16-year-old El Dorado junior Lauren Hibbert was about to get on a plane when she first heard the news that there had been a school shooting in Parkland, Florida.
“I remember being really angry. I remember talking to my mom about it because I didn’t really know what I could do about it and so she told me you can do something, but just being angry isn’t going to do anything,” said Hibbert.
Soon she was back home with her friends and fellow El Dorado classmates, juniors Ellen Burrell and Renee Beverly, making some 2,000 ribbons to show their support for the 17 students killed at Marjory Stoneman Douglas High School.
The ribbons were the idea of their friend Caleigh Donnely, a student at Mater Dei High School.
These ribbons, made by around 15 people, took about 20 hours to make and were given out to students on El Dorado, Mater Dei, Valencia High School, Cal State Fullerton, and Cal Poly Pomona campuses.
The idea behind the ribbons was that “we could show our support as high school students for those that died in Parkland,” said Burrell.
The idea of participating and planning the walkout at El Dorado came about two weeks before March 14, the day dubbed #NationalSchoolWalkout, started by the Women’s March Youth EMPOWER organization.
“At first we weren’t sure if we wanted to do it at El Dorado,” said Burrell. “But we actually had multiple people from El Dorado come up to us and say that they were really passionate about this and that they really wanted El Dorado to do something like this.”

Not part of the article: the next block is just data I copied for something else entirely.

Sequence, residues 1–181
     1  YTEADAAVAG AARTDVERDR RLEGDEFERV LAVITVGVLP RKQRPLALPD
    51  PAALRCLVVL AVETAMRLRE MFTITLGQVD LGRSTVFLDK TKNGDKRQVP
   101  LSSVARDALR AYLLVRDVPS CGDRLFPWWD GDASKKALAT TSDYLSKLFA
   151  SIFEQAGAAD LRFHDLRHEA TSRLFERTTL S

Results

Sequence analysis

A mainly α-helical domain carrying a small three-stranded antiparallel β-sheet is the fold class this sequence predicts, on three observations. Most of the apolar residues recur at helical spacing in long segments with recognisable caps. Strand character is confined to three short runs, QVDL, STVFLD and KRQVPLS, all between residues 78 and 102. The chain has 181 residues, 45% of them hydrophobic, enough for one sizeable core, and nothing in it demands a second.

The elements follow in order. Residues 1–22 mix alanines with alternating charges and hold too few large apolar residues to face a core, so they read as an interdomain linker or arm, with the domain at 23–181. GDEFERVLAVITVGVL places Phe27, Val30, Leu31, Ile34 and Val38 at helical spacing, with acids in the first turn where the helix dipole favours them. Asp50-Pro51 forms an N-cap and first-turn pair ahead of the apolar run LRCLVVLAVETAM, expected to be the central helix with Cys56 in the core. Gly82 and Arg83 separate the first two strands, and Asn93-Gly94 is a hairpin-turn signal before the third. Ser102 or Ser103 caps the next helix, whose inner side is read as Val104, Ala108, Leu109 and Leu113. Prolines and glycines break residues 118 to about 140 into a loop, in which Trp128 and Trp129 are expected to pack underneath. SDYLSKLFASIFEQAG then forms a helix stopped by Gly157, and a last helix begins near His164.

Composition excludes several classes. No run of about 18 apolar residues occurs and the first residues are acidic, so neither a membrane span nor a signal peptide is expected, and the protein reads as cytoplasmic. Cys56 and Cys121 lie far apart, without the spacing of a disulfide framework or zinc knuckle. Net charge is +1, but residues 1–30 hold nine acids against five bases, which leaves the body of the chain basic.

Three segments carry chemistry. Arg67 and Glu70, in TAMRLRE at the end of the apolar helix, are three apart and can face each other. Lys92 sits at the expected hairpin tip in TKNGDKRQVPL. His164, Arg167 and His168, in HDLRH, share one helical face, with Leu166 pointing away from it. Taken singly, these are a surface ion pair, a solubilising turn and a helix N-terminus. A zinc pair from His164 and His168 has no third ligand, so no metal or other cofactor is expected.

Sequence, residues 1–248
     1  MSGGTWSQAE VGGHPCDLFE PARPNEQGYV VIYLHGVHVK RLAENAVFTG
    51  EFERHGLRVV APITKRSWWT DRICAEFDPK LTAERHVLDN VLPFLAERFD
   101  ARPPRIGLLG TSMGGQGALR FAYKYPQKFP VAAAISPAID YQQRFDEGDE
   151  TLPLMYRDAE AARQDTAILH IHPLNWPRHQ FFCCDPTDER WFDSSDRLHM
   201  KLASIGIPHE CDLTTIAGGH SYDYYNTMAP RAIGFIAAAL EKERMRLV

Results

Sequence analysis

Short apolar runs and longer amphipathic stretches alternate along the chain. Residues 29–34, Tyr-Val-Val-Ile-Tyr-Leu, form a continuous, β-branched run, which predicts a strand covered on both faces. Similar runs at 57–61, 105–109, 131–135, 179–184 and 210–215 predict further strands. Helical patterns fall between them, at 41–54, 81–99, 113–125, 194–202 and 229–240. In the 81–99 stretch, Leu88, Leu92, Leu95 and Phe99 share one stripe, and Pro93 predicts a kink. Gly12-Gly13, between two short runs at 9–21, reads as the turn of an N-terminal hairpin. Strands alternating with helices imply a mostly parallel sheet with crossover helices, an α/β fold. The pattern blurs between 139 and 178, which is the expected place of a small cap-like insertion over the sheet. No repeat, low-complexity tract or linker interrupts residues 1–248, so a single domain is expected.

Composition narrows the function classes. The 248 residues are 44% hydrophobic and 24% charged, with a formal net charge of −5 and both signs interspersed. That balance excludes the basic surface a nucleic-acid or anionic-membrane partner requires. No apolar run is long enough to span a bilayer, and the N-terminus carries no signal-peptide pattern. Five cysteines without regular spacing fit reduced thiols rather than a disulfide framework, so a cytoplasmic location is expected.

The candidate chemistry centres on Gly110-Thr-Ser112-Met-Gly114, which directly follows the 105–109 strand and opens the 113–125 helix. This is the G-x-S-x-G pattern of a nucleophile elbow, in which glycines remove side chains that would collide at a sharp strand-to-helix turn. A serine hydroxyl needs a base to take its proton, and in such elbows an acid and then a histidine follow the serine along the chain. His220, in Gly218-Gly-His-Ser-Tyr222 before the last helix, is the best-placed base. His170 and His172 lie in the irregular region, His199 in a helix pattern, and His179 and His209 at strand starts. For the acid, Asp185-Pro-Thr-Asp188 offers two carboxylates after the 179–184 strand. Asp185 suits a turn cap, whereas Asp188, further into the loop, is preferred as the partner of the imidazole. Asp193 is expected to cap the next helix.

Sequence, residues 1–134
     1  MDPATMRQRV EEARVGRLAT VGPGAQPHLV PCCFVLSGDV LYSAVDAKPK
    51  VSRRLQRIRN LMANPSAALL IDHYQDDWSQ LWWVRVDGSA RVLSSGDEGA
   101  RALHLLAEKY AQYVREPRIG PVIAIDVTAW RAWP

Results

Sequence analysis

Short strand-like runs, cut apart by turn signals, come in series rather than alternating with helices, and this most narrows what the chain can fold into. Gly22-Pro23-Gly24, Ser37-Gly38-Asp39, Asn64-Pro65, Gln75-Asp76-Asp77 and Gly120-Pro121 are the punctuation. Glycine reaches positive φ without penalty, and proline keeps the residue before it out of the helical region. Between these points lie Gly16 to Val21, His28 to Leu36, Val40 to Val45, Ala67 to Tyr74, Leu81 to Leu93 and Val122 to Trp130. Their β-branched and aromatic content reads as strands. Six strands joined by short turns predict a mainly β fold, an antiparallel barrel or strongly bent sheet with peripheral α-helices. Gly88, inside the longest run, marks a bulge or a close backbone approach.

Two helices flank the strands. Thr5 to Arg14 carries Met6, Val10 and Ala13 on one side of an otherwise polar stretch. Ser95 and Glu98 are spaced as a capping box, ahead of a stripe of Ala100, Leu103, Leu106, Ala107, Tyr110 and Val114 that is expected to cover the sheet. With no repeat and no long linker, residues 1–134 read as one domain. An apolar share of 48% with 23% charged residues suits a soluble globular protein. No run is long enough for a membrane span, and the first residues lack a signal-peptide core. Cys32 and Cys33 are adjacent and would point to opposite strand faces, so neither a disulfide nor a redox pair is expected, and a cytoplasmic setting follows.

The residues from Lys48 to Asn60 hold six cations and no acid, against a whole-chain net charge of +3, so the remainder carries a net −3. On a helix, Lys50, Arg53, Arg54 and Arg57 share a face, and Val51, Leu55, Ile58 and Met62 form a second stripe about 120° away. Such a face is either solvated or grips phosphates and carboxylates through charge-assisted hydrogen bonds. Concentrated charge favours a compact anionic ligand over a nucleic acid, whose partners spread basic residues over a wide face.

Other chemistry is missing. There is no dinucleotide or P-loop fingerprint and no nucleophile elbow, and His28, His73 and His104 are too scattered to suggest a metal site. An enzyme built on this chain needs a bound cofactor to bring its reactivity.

The plan involved students walking out and gathering at the Theatron in the heart of the campus.
At 10 a.m. on March 14, hundreds of El Dorado students participated in a national walkout that an estimated 1 million American students took part in.
The walkout included a moment of silence, the reading of names of the seventeen who died in Parkland, and speeches given by Hibbert, Burrell and Beverly.
All three said the point of the walkout was to protest gun violence and not to specifically argue for gun control.
“We thought the best way to be effective and to be as inclusive as possible would be to keep politics out,” said Hibbert. “Which is why we didn’t advocate gun control which is an essential part to the walkout.
“We basically just wanted to promote student solidarity and unity as well as protesting gun violence without advocating for gun control.”
But not every student was interested in standing in solidarity with those participating in the walkout.